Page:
Let’s have a look at the manufacturing steps for a typical LED light bulb designed to replace a standard incandescent bulb with the Edison Screw. You will see that it really is a very different process from your highly automated processes used to manufacture our familiar incandescent bulbs. And, despite everything you might imagine, individuals are still significantly an essential part of manufacturing process, and not just for testing and Quality Assurance either.
When the larger sheets of LED circuit boards have passed via a solder reflow oven (a hot air furnace that melts the solder paste), they are split up into the individual small circuit boards and power wires manually soldered on.
The small power supply housed within the body in the bulb undergoes a similar process, or may be delivered complete from another factory. In either case, the manufacturing steps are the same; first the PCB passes through SMT lines, it goes toward a manual dual in-line package (DIP) assembly line in which a long row of factory workers add one component at any given time. DIP refers back to the two parallel rows of leads projecting from your sides in the package. DIP components include all integrated chips and chip sockets.
While LED lights burn repeatedly longer than incandescent or CFLs and require not even half the vitality, they need some form of passive heatsink keep the high-power LEDs from overheating. The LED circuit board, which is made of 1.6-2mm thick aluminum, will conduct the warmth from your dozen roughly LED elements towards the metal heatsink frame and so keep temperatures in check. Aluminum-backed PCBs are often called “metal core printed circuit boards,” and though manufactured from a conductive material the white coating is electrically isolating. The aluminum PCB is screwed in position inside the heatsink which forms the reduced one half of the LED bulb.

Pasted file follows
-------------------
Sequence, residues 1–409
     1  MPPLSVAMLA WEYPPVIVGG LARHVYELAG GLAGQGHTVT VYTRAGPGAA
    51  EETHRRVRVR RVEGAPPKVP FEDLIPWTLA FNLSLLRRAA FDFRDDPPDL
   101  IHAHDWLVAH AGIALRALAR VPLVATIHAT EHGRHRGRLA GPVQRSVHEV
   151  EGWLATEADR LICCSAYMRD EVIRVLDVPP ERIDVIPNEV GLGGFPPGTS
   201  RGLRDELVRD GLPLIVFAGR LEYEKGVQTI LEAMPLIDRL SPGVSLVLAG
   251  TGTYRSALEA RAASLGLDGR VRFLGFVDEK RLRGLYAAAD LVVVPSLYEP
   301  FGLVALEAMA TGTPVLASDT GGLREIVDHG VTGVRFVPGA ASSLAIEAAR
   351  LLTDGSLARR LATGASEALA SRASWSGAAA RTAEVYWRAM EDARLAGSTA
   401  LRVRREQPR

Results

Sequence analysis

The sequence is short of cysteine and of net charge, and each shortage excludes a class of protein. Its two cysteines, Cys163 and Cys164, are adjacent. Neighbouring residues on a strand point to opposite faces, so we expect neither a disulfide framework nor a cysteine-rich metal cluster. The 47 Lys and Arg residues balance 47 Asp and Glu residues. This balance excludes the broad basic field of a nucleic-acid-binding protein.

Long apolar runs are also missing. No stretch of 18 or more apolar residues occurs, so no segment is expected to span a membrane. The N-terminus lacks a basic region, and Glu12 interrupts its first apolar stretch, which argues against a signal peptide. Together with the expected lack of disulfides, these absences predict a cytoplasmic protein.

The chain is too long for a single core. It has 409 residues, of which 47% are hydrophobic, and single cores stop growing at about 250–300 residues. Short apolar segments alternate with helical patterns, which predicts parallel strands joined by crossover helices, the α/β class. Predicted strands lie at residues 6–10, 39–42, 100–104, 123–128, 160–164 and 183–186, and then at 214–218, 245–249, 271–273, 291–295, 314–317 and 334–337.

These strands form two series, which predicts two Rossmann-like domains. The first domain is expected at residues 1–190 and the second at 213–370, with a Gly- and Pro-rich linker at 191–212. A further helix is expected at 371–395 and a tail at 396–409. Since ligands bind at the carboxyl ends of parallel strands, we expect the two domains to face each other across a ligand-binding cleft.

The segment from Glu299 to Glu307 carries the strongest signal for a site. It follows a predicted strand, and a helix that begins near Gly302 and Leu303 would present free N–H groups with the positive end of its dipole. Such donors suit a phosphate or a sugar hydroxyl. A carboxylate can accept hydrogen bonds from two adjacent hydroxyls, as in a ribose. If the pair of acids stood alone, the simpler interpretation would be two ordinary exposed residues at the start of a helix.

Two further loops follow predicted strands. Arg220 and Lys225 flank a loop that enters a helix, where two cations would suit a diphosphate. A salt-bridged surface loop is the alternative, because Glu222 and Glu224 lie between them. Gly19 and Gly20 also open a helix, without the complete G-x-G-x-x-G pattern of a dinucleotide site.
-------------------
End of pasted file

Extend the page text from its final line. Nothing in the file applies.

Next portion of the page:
After this, the power connector board is fixed in position with adhesive. The tiny power source converts 120/240V AC mains power to a reduced voltage (12V or 24V), it fits in the cavity behind the aluminum PCB.
Shell assembly includes locking the shell in place with screws. A plastic shell covers the ability supply and connects with the metal heatsink and LED circuit board. Ventilation holes are included to enable heat to escape. Wiring assembly for plug socket requires soldering wires to the bulb socket. Then shell is attached.
Next, the completed LED light is sent to burn-in testing and quality control. The burn-in test typically can last for half an hour. The completed LED light will then be powered up to find out if it is working properly and burned set for thirty minutes. Additionally there is a high-voltage leakage and breakdown test and power consumption and power factor test. Samples from the production run are tested for top-voltage leaks, power consumption, and power factor (efficiency).
The finished bulbs pass through the last crimping step as the metal socket base is crimped in position, are bar-coded and identified with lot numbers. External safety labels are applied and the bulb is inked with information, including brand and model number. Finally, all that’s left is to fix on the clear plastic LED cover that is glued set up.
Following a final check to ensure all the different areas of the LED light are tight, then its packed into individual boxes, and bulbs are shipped out.
So, in case you have wondered why LED lights are extremely expensive today, this explanation of methods these are manufactured and how that comes even close to the manufacture of traditional lights should help. However, it jrlbac reveals why the fee will fall pretty dramatically over the next couple of years. Just like the expense of manufacturing other semiconductor-based products has fallen dramatically because of standardization, automation along with other key steps along the manufacturing learning curve, the same inexorable forces will drive on the costs of LED bulb production.